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 Consular Hours
(excl. public holidays)

Ottawa
15 Sussex Drive
Ottawa, Ontario
K1M 1M8
Mon to Thu: 80:00 AM - 12:00 PM
Appointments are required for the Commissioner of Oaths.
Toronto
110 Sheppard Ave East
Suite 600
Toronto, Ontario 
M2N 6Y8
Mon to Thu: 08:30 AM - 12:00 PM • FOR VISAS AND PASSPORTS APPLICATIONS: WALK -IN Hours ARE 8.30-12.00 Mon- Thurs except holidays
• APPOINTMENTS ARE ONLY NECESSARY FOR PERMANENT RESIDENCE AND SPOUSAL VISA APPLICATION AS THAT REQUIRES SPECIAL APPOINTMENT WITH THE CONSUL IMMIGRATION TO MEET BOTH PARTNERS.

 

 


The National Anthem & Nation Symbol

RELATIONSHIP WITH CANADA

Relations between South Africa and Canada have been formalised bilaterally in the form of Senior Officials’ Level Annual Consultations.  These were launched in 2003 after Minister Dlamini Zuma signed a Declaration of Intent during President Mbeki’s State Visit to Canada.  The 7th Annual Consultations took place in Pretoria/Tshwane in May 2012.  The Consultations have continued to expand in scope and now include ODA (Official Development Assistance), Trade and Investment, Sport, SAPS, Arts and Culture, Science and Technology, Minerals and Energy, Agriculture, Transport, African co-operation issues, multilateral issues, the G8, G20 and peacekeeping co-operation. 

Former President Nelson Mandela paid an official visit to Canada in September 1998. On a subsequent visit, Mr. Mandela was presented with Honorary Canadian Citizenship, one of only four ever, amongst them the Dalai Lama, Aung San Suu Kyi and Raoul Wallenberg.  President Thabo Mbeki paid a State Visit to Canada in 2003.  There was a reciprocal State Visit by the Canadian Governor General, Michaelle Jean at the end of 2006 which focussed particularly on socio-economic issues.  This was the first ever visit by a Canadian Governor General to South Africa and Africa. Canada’s Parliamentary Secretary to the Minister of Foreign Affairs, Mr Deepak Obhrai, attended the inauguration of President Jacob Zuma.

There have been several study visits by both the National and Provincial legislatures to Canada over the past years and all indications are that Canada continues to be a popular bench-marking visit for South Africans from various sectors of Government and areas in legislatures.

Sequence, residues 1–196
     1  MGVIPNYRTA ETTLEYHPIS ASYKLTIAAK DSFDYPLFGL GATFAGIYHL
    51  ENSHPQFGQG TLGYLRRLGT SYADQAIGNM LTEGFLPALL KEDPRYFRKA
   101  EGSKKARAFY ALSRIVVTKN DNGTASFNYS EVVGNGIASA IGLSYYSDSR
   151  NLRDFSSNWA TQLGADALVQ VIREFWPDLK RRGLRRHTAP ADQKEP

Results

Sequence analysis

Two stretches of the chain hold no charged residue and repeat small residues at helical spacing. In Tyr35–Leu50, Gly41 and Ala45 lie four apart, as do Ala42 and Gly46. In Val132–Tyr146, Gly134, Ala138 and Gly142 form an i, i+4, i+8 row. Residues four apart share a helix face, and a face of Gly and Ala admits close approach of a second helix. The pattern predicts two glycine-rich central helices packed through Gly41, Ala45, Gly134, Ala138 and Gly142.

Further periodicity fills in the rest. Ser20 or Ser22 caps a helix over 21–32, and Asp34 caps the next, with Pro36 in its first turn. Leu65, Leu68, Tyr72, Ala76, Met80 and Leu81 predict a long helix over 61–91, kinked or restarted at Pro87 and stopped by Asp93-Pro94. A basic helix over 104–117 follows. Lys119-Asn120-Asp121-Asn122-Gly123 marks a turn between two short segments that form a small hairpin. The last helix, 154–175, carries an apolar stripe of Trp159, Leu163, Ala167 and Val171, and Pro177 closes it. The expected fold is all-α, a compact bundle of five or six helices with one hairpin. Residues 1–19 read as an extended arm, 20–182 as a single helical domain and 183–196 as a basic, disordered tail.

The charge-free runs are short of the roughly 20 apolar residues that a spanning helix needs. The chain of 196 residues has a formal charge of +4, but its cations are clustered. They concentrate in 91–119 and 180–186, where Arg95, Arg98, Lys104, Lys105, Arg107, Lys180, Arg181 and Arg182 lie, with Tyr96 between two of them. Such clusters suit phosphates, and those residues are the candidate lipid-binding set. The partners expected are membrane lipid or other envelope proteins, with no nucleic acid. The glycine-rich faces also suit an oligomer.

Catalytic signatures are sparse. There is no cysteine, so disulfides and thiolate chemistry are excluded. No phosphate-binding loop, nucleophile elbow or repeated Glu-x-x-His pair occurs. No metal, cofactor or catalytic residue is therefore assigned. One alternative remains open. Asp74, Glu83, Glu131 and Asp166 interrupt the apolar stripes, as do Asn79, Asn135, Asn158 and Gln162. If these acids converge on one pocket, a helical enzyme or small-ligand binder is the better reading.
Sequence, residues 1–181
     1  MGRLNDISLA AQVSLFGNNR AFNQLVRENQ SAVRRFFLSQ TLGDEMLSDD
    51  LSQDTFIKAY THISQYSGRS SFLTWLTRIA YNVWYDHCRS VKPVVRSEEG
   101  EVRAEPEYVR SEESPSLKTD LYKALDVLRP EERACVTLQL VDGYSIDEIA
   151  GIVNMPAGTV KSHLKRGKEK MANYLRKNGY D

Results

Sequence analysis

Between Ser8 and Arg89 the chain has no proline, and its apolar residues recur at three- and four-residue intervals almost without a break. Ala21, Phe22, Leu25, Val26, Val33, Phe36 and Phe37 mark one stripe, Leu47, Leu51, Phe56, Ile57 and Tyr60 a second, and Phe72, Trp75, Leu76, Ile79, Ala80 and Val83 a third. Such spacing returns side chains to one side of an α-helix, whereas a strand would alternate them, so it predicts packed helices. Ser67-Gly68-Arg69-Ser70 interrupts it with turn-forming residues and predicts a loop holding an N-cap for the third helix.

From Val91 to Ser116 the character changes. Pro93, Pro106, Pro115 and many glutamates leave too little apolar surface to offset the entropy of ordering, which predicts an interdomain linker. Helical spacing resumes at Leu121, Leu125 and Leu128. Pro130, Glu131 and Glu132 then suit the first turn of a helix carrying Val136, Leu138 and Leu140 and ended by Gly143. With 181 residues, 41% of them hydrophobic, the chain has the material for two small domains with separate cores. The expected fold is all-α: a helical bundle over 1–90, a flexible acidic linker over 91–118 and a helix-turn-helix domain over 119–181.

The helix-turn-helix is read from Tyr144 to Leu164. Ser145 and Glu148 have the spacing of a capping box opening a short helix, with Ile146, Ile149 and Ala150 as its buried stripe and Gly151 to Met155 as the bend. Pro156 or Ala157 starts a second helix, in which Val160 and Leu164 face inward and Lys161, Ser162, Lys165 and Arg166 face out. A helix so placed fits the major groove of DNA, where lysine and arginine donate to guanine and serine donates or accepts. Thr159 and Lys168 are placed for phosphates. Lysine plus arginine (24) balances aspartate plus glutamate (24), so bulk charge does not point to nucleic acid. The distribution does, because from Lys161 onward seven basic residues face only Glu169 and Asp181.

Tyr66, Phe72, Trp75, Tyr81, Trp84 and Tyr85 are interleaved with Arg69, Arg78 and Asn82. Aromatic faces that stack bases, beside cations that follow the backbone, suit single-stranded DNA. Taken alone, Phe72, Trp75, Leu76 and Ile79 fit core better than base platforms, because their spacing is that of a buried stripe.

South Africa remains Canada’s second largest trading partner in sub-Saharan Africa. There has been an exponential growth in trade, with figures doubling between 2000 and 2007.  However, annual two-way trade between South Africa and Canada declined by almost 20 percent in the latter part of 2007 due to global pressures from the international financial crisis. The ensuing global economic crisis continued to seriously affect South Africa’s trade with Canada and resulting in a decline throughout 2008-2009.  Exports to Canada in 2010-2011 stabilised to around R5 billion while Canadian exports to South Africa declined to R3 billion. About two thirds of South African exports to Canada relate to minerals and mining equipment with agricultural and chemical products making up the rest.  Canada views South Africa as a gateway into SADC and Africa.

Both South Africa and Canada are significant global producers of mineral resources that involve extensive mining.  This is a natural area of cooperation and there is a growing interest on both sides to increase both investments and mining related trade.  There are many opportunities in the area of mining equipment and technologies on both sides.  Opportunities for beneficiation should be further researched as this may also be in the interest of Canadian companies operating mines in South Africa. Canadian investment in South African mining is growing with the Toronto stock exchange being a major source for raising capital for this purpose.  The vast Canadian oil industry may offer opportunities for South Africa’s petro-chemical industry.  The global surge in demand for energy has led to advances in fuel cell technology using platinum. 

Canada has provided development assistance to South Africa since 1979. A Bilateral Development Assistance Agreement was signed between South Africa and Canada in November 2006. More than $200 million in Canadian support has been contributed through the Canadian International Development Agency (CIDA) since 1979 and annual spending has averaged about $14 million since the 2000-2001 funding cycle. Canada’s involvement in South Africa focuses on the strengthening of service delivery and regional efforts in four key areas:

  • HIV/AIDS -- Stabilizing and reducing the incidence and impact of HIV/AIDS
  • Governance -- Improving access to social services
  • Rural Development -- Improving access to technical and organizational services for small-scale farmers
  • Regional cooperation -- Supporting South African initiatives that contribute to regional stability and cooperation by supporting demand-driven and mutually beneficial transfers of expertise between South Africa and neighbouring countries, to prevent political instability, conflict, extreme poverty, humanitarian crises, and massive migration movements.

South Africa has explored avenues for cooperation in capacity-building around SADPA through a continued engagement with CIDA.


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